#Facebook to build #Arctic #serverfarm in Sweden NOT #NWT #Yukon #Nunavut @NWTel ?#CdnPoli -
[excerpts] Facebook is to build a new server farm on the edge of the Arctic Circle — its first outside the United States — to improve performance for European users, officials of the social networking site said Thursday.It will also expose them to potential eavesdropping from a Swedish intelligence agency, according to Sweden's Pirate Party, a group opposing government interference with the internet.
Facebook confirmed Thursday it had reviewed potential locations across Europe and decided on the northern Swedish city of Lulea for the data center partly because of the cold climate — crucial for keeping the servers cool — and access to renewable energy from nearby hydropower facilities.
The move reflects the growing international presence of the California-based site, which counts 800 million users worldwide.
Construction could cost $760 million
Facebook didn't give the price of its investment, but Lulea officials have previously projected construction costs of up to $760 million. The Swedish government said it was ready to pitch in with $16 million. [...]
With winter temperatures well below freezing and summertime highs that rarely climb above 25 C, Lulea has used its frigid climate as a selling point in its efforts to establish itself as a hub for server farms. Other Nordic cities have adopted similar strategies.
In 2009 Google purchased a paper mill in Hamina, southern Finland, and turned it into a data center, using seawater from the Baltic Sea for its cooling system.
Servers inside data centers are the backbone of internet services such as Facebook. The servers store and transmit billions of status updates, links, photos and all the outside apps used by Facebook's members.
"... Cover crops play an important role in maintaining soil quality and productivity. Usually we think of cover crops in terms of reducing soil erosion and adding organic matter to the soil – but they can do much more e.g. Reduce Nutrient Losse, Improve Soil Fertility, Reduce Pest Populations, Reduce Compaction and Improve Soil Structure, Water Management and Emergency Forage. ..."
This translucent cabin by architects Kengo Kuma and Associates is an experimental house in Hokkaidō, Japan, designed to test the limits of architecture in cold climates.
Inspiration came from the traditional architecture of the indigenous Ainu, whose "Chise" style buildings clad with sedge or bamboo grass hold in the warmth of a central fireplace that is never allowed to burn out.
"The fundamental idea of Chise, 'house of the earth,' is to keep warming up the ground this way and retrieve the radiation heat generated from it," say the architects. The Experimental House was constructed around a coated larch frame and it has a thick layer of polyester insulation sandwiched between the polycarbonate cladding of the exterior and the glass-fibre fabric of the interior. This insulation was made using recycled plastic bottles and it allows light to pass into the house through the walls.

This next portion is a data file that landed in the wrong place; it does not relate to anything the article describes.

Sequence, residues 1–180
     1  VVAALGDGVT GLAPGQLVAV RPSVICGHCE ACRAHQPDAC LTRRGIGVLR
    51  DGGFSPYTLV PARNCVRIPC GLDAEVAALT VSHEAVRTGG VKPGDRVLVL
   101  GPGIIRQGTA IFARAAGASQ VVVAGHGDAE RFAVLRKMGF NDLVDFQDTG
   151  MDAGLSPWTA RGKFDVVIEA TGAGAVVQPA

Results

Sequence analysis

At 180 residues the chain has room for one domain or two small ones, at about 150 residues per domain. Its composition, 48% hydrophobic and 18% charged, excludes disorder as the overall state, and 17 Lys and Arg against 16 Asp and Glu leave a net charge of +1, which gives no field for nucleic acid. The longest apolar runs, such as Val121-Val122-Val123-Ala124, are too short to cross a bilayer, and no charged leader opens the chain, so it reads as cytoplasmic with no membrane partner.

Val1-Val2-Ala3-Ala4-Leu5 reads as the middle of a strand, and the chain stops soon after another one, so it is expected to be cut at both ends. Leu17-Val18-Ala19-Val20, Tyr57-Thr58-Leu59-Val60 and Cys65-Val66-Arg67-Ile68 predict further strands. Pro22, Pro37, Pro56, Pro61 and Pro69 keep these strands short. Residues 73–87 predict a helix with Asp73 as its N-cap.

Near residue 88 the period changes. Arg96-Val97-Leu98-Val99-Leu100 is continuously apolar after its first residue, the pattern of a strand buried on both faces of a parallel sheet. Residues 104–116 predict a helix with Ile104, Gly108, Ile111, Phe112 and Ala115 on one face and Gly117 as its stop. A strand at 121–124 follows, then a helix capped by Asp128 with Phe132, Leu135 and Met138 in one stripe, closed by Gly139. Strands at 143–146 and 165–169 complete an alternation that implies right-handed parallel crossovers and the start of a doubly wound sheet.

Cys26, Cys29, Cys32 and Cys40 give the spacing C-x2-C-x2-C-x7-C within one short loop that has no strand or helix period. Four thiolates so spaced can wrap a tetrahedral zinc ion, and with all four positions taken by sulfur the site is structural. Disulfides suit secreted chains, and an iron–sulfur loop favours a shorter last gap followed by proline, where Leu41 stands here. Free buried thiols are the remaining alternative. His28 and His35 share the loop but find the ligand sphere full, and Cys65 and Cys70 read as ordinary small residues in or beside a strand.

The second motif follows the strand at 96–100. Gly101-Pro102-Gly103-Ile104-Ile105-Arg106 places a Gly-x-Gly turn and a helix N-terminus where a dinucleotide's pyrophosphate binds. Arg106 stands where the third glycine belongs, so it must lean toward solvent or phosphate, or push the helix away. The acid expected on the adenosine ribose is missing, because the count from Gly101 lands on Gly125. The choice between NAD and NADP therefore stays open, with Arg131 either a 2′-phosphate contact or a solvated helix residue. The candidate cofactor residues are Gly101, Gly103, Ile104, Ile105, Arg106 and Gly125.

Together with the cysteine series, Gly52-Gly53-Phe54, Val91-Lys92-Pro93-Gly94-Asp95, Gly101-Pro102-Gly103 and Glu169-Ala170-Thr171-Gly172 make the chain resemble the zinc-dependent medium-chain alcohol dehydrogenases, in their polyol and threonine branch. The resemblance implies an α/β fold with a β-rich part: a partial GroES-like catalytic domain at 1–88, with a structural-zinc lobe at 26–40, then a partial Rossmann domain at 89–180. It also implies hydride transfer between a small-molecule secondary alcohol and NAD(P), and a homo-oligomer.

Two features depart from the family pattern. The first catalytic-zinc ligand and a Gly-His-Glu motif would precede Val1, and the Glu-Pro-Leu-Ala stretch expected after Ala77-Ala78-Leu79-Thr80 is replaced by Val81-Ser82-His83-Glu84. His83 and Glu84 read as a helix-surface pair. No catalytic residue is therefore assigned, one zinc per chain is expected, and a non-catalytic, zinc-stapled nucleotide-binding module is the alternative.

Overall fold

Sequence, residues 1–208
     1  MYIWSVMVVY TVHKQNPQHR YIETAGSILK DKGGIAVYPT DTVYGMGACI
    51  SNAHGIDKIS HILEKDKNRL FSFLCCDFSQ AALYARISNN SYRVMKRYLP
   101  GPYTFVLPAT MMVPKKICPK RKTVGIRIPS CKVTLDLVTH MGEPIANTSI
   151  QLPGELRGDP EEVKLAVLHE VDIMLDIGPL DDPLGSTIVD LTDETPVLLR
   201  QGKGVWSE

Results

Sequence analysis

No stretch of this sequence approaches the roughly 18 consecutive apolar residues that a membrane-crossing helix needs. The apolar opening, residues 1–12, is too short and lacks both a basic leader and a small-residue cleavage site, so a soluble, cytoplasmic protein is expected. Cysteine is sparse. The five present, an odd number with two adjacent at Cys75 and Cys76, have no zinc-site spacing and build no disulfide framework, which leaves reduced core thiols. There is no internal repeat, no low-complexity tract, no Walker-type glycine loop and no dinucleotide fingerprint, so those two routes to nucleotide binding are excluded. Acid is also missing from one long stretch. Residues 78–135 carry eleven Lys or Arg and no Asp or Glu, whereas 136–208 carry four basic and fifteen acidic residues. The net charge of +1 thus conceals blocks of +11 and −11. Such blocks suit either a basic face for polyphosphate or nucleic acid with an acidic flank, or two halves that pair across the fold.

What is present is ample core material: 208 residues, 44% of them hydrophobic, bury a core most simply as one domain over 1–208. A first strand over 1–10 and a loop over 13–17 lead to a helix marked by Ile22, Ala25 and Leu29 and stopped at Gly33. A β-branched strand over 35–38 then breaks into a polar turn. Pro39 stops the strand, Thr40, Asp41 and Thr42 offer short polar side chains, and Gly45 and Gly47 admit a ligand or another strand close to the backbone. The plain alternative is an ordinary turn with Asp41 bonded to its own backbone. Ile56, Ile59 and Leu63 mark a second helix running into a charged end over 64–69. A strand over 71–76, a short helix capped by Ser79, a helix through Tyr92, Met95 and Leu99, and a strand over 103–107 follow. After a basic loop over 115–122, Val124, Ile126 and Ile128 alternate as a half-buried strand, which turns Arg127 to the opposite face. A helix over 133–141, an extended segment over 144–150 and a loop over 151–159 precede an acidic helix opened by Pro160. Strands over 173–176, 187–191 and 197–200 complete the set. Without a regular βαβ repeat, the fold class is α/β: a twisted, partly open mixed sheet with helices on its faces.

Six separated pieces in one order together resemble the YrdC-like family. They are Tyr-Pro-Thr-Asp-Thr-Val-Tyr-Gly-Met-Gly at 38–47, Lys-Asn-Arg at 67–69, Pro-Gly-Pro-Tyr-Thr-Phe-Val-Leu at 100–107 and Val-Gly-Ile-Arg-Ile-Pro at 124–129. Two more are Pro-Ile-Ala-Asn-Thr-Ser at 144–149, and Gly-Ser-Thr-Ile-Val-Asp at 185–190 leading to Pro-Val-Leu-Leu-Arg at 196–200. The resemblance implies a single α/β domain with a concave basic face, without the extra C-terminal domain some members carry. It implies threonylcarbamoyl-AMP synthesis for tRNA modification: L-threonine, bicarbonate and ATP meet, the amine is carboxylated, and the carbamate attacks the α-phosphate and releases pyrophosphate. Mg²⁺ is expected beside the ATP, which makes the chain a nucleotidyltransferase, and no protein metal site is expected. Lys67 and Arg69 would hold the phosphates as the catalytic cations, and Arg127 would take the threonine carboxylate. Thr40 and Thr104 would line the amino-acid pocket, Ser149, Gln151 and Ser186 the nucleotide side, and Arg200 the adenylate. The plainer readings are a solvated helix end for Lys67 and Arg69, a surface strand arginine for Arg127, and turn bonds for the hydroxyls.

As the first experimental house completed for the Meme Meadows research facility, the building will be used by the environmental technology institute to test how different factors affect the thermal qualities of its construction.
Alaska Dispatch Fuzzy math of Alaska subsistence: Too many people, not enough fish, game Alaska Dispatch Alaska's long, difficult, subsistence struggle was back before the Alaska Boards of Fish and Game last week with the many competing interests...
Alaskan EcoEscape Permaculture's insight:
When in times of shortage----rural folks get preference. I guess city folks need to start raising rabbits???
"....The key ‘features’ you will want to look for when choosing a cover crop mix will somewhat depend on the type of soil you have, and, of course, its level of fertility. For example, if you have a heavy (high in clay content) soil, there is a high risk of compaction, which can create a waterlogged and anaerobic state that will stunt your plants and make them susceptible to disease. Whether you break up the soil withdouble-digging or not, such soils would benefit from a cover crop with strong and deep root systems that can try to penetrate any hard pans below the soil surface...."
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